National Defense in a Time of Change

February 2013 • Adm. Gary Roughead (USN Ret.), Kori SchakeEffective Government

In response to likely cuts to the defense budget, Gary Roughead and Kori Schake propose restructuring the force to improve the military’s ability to respond to modern challenges, making military procurement of assets more efficient and competitive, and creating benefits packages more in line with troops’ preferences.


Making Defense Affordable

February 2013 • Cindy WilliamsEffective Government

Cindy Williams proposes measures for sustaining a strong military while reducing future annual defense expenditures, mainly through addressing growing internal costs in the defense budget and reshaping military forces in a way that reduces future budgets while preserving strong and ready military capabilities.


15 Ideas for Smart Deficit Reduction

February 2013 • Michael Greenstone, Adam LooneyEconomic Security, Effective Government, Tax Policy, Employment & Wages

Hamilton Project Director Michael Greenstone and Policy Director Adam Looney preview The Project’s forthcoming budget report, which includes fifteen pragmatic, evidenced-based proposals to reduce the deficit and achieve broad-based economic benefits.


The Hamilton Project Policy Response to the State of the Union Address

February 2013 • Economic Security, Education, Effective Government, Employment & Wages, Energy & Environment, Global Economy, Health Care, Infrastructure, Poverty, State & Local, Tax Policy, Technology & Innovation

In his State of the Union address, President Barack Obama outlined an ambitious second-term agenda focusing on policies to help strengthen America’s middle class through broad-based economic growth. Since its launch in 2006, The Hamilton Project has released a range of targeted policy proposals that provide innovative, evidence-based approaches to address many of the priorities set forth in this year’s address, which we offer as a resource to policymakers in response to specific ideas mentioned by the President this week.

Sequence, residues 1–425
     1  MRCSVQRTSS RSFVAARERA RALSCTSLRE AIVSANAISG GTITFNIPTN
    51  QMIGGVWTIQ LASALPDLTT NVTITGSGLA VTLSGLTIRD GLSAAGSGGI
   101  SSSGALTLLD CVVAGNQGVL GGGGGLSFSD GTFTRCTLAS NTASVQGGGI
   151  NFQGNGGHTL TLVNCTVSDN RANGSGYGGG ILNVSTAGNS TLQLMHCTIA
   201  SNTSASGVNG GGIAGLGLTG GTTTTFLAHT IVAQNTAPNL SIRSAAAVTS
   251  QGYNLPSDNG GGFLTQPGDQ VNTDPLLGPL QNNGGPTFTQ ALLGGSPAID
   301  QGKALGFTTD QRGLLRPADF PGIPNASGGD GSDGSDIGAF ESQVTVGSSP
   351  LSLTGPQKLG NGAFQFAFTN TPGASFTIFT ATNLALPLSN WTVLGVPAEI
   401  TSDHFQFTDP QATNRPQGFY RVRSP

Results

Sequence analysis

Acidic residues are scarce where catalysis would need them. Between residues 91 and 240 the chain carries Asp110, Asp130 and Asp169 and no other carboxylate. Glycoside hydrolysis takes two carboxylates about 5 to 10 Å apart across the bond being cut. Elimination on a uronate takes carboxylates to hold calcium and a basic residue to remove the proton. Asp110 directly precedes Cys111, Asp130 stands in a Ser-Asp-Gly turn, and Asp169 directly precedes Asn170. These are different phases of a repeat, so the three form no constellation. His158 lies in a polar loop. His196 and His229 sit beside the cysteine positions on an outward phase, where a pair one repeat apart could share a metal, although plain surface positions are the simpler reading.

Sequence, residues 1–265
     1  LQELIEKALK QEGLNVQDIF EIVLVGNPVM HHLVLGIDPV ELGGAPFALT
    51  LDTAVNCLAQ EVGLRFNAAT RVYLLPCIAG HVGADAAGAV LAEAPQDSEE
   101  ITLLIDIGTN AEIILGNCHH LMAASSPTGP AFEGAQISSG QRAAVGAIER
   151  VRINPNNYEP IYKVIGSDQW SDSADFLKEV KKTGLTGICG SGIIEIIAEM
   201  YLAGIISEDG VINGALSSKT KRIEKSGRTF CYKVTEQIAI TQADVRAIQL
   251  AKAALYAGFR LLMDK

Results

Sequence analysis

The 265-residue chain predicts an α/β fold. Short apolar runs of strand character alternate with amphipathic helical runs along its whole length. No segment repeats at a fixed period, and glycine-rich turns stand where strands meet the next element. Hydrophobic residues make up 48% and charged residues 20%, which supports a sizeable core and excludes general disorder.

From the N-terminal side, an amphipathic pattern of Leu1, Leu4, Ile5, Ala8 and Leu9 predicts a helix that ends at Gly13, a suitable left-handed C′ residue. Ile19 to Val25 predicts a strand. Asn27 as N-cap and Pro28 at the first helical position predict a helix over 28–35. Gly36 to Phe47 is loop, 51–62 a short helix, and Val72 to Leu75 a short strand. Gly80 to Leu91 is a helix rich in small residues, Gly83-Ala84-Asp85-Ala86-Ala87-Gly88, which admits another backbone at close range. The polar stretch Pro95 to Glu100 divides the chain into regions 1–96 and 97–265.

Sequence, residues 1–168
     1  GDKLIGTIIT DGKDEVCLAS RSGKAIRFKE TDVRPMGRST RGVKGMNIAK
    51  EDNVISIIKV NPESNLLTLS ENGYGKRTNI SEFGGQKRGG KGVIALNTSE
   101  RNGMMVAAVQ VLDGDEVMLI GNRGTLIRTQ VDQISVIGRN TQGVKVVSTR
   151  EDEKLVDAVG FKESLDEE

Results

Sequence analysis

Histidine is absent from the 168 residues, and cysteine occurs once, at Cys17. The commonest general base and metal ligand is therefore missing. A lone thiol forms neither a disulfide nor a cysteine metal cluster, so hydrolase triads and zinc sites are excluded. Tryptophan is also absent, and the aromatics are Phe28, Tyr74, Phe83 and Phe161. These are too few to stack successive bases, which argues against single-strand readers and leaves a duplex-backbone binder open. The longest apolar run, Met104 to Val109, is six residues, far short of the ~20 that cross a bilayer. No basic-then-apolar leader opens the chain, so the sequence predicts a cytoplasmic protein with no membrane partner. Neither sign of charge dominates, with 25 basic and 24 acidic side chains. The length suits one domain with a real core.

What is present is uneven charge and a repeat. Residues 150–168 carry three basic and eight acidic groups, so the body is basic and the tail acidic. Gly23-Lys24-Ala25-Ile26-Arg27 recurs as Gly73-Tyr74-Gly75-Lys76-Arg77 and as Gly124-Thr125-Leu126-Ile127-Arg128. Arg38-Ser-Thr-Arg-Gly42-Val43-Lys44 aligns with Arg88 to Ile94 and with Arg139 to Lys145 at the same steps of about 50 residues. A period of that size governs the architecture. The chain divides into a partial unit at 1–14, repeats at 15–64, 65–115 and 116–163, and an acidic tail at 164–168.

How Does Our Economic Future Compare with That of 2008? A Glimpse at America’s Road to Recovery

November 2012 • Michael Greenstone, Adam LooneyEconomic Security, Effective Government, Employment & Wages

As Americans prepare to cast their ballots for president, many voters are pausing to assess the state of the economy. In this month’s employment analysis, The Hamilton Project reviews the available data to explore whether America’s economic future looks brighter today than it did four years ago and finds that the data clearly indicate a much rosier future for the United States than was the case in 2008.